Indeed, according to the World Wildlife Fund’s Living Planet Report, “Cuba alone” in the entire world has achieved a high level of human development, with a human development index greater than 0.8, while also having a per capita ecological footprint below the world’s average.[22]

This ecological transformation is deeply rooted in the Cuban revolution rather than, as frequently said, simply a forced response in the Special Period following the fall of the Soviet Union. Already in the 1970s Carlos Rafael Rodriguez, one of the founders of Cuban ecology, had introduced arguments for “integral development, laying the groundwork” — as ecologist Richard Levins points out — for “harmonious development of the economy and social relations with nature.” This was followed by the gradual flowering of ecological thought in Cuba in the 1980s. The Special Period, Levins explains, simply allowed the “ecologists by conviction” who had emerged through the internal development of Cuban science and society to recruit the “ecologists by necessity,” turning many of them too into ecologists by conviction.[23]

Venezuela under Chávez has not only advanced revolutionary new social relations with the growth of Bolivarian circles, community councils, and increased worker control of factories, but has introduced some crucial initiatives with regard to what István Mészáros has called a new “socialist time accountancy” in the production and exchange of goods. In the new Bolivarian Alternative for the Americas (ALBA), the emphasis is on communal exchange, the exchange of activities rather than exchange values.[24]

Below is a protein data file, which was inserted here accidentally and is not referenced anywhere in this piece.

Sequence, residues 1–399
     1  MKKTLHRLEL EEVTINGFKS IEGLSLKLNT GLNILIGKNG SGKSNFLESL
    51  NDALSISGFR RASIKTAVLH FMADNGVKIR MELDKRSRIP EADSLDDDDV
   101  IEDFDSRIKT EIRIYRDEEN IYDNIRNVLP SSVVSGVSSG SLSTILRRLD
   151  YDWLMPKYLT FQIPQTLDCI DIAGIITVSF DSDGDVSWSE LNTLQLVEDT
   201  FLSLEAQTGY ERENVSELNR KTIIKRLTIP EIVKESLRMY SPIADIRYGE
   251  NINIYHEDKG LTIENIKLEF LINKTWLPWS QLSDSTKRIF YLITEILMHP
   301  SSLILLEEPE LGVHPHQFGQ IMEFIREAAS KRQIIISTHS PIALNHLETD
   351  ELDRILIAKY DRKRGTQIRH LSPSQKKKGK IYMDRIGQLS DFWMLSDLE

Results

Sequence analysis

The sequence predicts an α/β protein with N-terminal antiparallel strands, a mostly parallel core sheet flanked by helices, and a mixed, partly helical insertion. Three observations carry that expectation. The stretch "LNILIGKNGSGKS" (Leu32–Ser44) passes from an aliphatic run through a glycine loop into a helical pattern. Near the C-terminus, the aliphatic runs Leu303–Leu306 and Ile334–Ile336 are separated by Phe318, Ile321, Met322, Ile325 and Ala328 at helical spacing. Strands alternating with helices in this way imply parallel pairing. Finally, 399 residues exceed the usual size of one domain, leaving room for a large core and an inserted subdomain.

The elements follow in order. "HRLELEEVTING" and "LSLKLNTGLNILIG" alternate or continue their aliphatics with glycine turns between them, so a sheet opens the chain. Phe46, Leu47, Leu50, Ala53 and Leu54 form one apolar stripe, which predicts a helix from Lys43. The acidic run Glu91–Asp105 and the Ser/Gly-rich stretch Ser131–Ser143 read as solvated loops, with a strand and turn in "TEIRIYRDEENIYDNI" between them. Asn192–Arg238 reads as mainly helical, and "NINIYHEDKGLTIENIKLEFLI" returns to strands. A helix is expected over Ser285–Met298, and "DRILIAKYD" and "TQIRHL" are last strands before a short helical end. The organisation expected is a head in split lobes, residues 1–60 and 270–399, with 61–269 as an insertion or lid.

Instead of allowing the market to establish the priorities of the entire economy, planning is being introduced to redistribute resources and capacities to those most in need and to the majority of the populace. The goal here is to address the most pressing individual and collective requirements of the society related in particular to physiological needs and hence raising directly the question of the human relation to nature. This is the absolute precondition of the creation of a sustainable society. In the countryside preliminary attempts have also been made to green Venezuelan agriculture.[25]

In Bolivia the rise of a socialist current (though embattled at present) embedded in the needs of indigenous peoples and the control of basic resources such as water and hydrocarbons offers hope of another kind of development. The cities of Curitiba and Porto Alegre in Brazil point to the possibility of more radical forms of management of urban space and transportation. Curitiba, in McKibbens’s words, “is as much an example for the sprawling, decaying cities of the first world as for the crowded, booming cities of the Third World.”